As news of the death of Osama Bin Laden broke last evening, with that peculiar voyeuristic excitement such events take on as we sit nearly mesmerized in front of the television and listen to commentators say the same thing over and over again — Osama Bin Laden is dead, Osama Bin Laden is dead, Osama Bin Laden is dead — the reaction seemed all jubilation. I felt uneasy, I confess, but wasn’t sure if I should. I’m Canadian, after all, not a New Yorker, not an American. But this morning I began to hear others expressing similar dis-ease, in comments on Facebook, in blog posts, places like that. Here’s one piece of wisdom (“Vengeance does not equal peace”) that touched me especially, from Heather Plett, because she spoke to this situation from a place of deep learning of her own.
And then I was running some errands and caught Jian Ghomeshi’s interview with Maya Angelou on Q at CBC. And that was another gift of wisdom on this Monday, nothing to do with Osama Bin Laden, but one sentence after the other in that thoughtful, melodious voice of hers, about being human, getting the job she wanted when no one would give her the time of day because she was “Negro,” saying sorry, how we carry home with us, being a role model, and more. If you have 23 minutes or so, why not have a listen, here. Hers is such a beautiful spirit.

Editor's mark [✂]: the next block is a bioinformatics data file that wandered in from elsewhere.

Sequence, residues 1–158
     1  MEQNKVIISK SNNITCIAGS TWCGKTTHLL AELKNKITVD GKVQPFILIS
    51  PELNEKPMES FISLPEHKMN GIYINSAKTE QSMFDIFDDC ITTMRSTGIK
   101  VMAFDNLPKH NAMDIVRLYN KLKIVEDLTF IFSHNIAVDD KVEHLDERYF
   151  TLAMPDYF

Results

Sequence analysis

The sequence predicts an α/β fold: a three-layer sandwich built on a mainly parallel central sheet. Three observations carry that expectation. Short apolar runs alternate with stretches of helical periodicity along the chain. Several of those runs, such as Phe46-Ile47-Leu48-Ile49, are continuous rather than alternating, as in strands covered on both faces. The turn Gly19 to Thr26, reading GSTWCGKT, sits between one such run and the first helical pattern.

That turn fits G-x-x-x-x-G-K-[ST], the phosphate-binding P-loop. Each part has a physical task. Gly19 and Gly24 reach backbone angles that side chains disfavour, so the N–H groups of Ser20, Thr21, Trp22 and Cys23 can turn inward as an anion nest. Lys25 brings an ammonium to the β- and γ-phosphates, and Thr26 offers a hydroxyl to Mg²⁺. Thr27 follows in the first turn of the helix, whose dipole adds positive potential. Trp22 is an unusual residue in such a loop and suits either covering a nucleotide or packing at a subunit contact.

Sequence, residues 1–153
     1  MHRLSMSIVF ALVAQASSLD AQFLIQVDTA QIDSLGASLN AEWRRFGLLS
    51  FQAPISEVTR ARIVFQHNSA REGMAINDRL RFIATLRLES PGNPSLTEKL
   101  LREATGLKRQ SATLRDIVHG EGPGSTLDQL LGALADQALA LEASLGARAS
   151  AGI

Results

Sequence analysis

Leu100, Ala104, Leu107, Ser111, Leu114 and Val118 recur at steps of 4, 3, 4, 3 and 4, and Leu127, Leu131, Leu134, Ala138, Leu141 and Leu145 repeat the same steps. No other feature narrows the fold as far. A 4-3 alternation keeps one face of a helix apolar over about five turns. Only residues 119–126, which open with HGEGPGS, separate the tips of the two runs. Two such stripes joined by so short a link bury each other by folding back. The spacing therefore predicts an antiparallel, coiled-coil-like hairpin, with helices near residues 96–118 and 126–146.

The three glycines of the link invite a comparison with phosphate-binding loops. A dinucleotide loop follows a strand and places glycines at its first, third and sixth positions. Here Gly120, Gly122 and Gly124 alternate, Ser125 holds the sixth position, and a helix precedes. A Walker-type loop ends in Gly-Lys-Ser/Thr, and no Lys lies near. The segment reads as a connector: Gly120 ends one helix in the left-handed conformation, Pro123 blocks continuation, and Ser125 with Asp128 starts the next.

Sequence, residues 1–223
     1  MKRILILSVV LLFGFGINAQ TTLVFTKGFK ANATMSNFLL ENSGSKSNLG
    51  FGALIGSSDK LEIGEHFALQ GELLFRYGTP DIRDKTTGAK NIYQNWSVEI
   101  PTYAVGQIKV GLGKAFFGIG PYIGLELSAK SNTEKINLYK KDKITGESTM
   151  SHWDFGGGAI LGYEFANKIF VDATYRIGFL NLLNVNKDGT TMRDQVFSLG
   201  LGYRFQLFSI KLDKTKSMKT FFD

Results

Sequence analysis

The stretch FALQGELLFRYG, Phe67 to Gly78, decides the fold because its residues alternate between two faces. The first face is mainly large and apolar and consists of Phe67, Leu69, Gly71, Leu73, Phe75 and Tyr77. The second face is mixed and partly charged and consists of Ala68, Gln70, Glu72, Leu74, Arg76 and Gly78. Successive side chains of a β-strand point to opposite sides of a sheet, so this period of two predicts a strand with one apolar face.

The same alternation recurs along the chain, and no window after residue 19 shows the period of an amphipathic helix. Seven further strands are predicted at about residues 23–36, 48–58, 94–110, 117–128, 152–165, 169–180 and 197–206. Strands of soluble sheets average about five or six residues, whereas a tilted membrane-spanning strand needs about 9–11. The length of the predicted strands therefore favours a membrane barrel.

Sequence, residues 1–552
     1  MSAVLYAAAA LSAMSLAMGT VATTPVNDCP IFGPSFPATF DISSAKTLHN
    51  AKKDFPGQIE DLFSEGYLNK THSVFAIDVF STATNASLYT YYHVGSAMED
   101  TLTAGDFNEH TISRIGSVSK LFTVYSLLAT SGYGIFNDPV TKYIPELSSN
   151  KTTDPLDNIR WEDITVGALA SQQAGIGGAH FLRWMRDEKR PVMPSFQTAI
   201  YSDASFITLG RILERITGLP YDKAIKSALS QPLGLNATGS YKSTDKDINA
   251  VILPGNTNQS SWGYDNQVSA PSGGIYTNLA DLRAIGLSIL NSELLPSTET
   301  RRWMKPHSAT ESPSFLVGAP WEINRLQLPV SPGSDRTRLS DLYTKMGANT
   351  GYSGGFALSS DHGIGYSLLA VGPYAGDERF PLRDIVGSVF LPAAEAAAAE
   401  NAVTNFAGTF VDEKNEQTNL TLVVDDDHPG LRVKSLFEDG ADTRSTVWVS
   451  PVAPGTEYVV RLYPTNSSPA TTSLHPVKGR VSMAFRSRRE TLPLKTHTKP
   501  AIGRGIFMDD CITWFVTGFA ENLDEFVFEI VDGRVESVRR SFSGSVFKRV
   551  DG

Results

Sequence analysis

Thank you for your post, Dora. As I was listening to a speech by Obama yesterday, I found myself wondering how things would have played out, had Japan chosen vengeance over peace after the bombings in Hiroshima and Nagasaki.
The impact of terrorism in New York from 9/11 can never be erased or minimized – nor should it be. Yet Obama’s message seemed so one-sided, so small somehow. Certainly there have been and continue to be large-scale tragedies in the world – some intentional and some ‘natural’ like the recent disasters in Tohoku. None of them are justified. We all need one another in this world … love is the answer … violence, vengeance, hatred … they have never changed a thing. And with that in mind, rejoicing in the murder of another, whether it seems ‘justified’ or not … seems far to arrogant for words.
Thanks for the links you shared here in your post as well – very insightful!
Thanks Tracey; I appreciate you reminding us of the choices Japan has made. “We all need one another in this world,” you write. Exactly.
I was dismayed at the glee and jubilation in the voices when various media reported the murder of Osama bin Laden. It must have been similar to the sound from the mobs at the Witch Trials, or the Inquisition, or “give us Barrabas” .
Your last phrase makes me shiver; such a good comparison.